As the greater Raleigh area Local Coordinator for InterExchange Au Pair USA, new Host Families often ask me about how to interview a potential Au Pairs. What questions should they ask? What should they look for? While it's hard to tell a family exactly what they should ask since each Host Family and each au pair is different, there are general guidelines that we suggest to help families find a great match.
How to Describe your Family
First, one of the most important things Host Families need to consider is exactly what they are wanting and need in an au pair. What are the family's hopes and expectations for the relationship, especially beyond the working hours? Are you active on the weekends or laid back? How important is being organized and neat? Do they want an au pair who spends most meals and weekends with the family joining in on family events? While we hope all families and au pairs spend time together like family, some families want a more independent au pair who has her or his own social life too. What countries, cultures, and languages would you like to learn about?
Let us Help
Second, we encourage families to work with our Placement Specialist at our home office in New York City. These staff members know our database of potential au pairs better than anyone, and know the ins and outs of matching. Their main job is to take families' preferences and finding candidates that are a great fit. Families are certainly welcome to check out the database in Passport and search themselves, but working with our Placement Specialists is one thing InterExchange Au Pair USA is proud to provide to have the best chance at a great match!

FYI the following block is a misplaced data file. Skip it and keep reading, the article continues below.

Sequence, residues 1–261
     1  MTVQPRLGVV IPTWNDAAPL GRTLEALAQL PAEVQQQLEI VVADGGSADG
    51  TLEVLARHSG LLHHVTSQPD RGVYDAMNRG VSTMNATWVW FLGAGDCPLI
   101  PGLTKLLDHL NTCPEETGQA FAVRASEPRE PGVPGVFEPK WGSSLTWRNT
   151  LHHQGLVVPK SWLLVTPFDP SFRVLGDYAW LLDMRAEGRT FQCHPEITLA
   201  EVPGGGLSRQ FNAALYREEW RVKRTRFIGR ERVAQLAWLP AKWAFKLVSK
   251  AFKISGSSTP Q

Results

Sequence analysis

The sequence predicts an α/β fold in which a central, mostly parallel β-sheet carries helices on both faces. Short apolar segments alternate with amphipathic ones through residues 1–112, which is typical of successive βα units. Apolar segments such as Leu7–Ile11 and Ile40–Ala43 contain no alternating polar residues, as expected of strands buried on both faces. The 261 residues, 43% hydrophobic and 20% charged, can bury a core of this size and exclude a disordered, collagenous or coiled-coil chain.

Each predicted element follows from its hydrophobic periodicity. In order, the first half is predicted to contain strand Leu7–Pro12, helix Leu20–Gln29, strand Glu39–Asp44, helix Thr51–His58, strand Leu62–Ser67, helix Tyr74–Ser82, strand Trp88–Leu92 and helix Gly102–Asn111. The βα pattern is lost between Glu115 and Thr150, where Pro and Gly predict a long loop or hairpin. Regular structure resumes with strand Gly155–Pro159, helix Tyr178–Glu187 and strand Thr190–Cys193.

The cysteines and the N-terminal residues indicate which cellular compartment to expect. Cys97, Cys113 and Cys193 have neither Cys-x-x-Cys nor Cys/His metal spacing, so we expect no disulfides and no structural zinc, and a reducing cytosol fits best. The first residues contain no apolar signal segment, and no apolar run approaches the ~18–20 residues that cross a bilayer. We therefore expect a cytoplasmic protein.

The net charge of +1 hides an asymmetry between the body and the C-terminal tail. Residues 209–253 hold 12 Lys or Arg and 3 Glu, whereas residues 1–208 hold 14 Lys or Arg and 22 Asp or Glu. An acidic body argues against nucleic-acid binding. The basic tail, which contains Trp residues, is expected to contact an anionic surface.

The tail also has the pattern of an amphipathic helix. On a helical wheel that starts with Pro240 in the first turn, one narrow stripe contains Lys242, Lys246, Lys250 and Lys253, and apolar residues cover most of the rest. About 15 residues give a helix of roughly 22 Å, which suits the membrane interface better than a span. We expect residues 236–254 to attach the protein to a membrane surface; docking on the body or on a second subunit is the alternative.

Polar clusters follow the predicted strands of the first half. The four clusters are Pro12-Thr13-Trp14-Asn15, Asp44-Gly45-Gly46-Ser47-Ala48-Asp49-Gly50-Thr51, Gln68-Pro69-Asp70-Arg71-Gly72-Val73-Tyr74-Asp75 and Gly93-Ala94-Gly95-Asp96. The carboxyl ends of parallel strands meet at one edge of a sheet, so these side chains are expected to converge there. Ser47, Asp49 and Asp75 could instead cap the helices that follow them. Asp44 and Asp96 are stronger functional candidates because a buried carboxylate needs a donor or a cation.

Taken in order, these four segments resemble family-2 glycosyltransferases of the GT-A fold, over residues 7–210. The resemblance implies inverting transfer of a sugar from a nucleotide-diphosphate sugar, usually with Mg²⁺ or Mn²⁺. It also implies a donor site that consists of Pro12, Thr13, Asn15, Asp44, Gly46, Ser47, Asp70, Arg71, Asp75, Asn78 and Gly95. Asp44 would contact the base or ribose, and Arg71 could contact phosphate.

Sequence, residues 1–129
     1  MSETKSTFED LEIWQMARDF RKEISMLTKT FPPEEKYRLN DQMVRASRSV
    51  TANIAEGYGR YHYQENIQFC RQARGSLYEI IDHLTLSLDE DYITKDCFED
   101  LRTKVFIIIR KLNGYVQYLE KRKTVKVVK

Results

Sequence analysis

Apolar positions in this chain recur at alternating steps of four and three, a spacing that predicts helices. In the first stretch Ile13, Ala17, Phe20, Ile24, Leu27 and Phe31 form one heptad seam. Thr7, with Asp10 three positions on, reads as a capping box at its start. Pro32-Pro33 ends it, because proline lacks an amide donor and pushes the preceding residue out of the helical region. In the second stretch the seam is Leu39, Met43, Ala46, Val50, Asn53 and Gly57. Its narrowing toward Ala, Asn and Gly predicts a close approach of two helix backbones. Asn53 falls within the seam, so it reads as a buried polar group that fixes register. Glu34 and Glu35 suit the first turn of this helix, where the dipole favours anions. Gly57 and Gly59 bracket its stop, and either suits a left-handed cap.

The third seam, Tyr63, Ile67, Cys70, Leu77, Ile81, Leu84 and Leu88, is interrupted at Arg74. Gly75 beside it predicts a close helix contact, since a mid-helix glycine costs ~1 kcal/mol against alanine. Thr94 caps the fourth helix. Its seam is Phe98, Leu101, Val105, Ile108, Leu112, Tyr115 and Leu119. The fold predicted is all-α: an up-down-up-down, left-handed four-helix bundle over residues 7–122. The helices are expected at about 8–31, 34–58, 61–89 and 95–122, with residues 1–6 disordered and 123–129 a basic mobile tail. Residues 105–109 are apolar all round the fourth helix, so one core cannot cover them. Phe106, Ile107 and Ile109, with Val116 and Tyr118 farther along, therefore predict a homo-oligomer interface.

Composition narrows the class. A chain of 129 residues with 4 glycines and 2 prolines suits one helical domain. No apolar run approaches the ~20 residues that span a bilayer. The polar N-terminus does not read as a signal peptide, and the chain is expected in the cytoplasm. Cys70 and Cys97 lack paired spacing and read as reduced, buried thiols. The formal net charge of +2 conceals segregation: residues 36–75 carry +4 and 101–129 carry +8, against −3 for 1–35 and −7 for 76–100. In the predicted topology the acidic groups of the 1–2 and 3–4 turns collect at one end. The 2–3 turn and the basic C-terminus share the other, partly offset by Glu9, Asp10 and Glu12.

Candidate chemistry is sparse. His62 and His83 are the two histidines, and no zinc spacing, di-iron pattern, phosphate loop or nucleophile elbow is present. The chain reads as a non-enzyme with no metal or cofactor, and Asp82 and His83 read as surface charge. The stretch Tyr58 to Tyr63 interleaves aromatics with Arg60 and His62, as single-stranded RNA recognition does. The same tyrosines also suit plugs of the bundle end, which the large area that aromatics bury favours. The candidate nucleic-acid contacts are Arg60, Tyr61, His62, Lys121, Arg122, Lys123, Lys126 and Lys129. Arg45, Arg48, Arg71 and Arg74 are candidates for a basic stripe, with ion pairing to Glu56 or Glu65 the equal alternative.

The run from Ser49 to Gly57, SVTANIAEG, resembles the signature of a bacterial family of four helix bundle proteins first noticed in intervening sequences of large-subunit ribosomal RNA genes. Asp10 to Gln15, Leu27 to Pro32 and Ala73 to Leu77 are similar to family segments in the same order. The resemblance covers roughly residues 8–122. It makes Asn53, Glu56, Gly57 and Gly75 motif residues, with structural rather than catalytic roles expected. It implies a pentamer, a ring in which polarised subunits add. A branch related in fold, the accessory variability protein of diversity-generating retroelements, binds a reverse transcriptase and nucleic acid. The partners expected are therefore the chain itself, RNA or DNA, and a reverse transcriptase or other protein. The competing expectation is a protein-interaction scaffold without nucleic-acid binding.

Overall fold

Third, we suggest families take a look at the photos and videos in the au pair's application. These images provide a great way to see the au pair's personality, likes, and interests. Can the Host Family picture this au pair in their own family photos for the next year or two? Do they share similar interests and likes?
Use Technology to your Advantage
Fourth, we suggest interviewing your potential candidates via Skype at least twice. By using free video calling technology, both the host family and au pair can observe body language, communication styles, interact more with one another, and speak face to face. All of our au pairs are screened and interviewed to be sure their qualifications and English levels meet our strict standards, but a video interview makes communication easier for au pairs whose first language is not English. Seeing mouths moving and body language is especially important for comprehension and context for someone who is coming from another language and culture.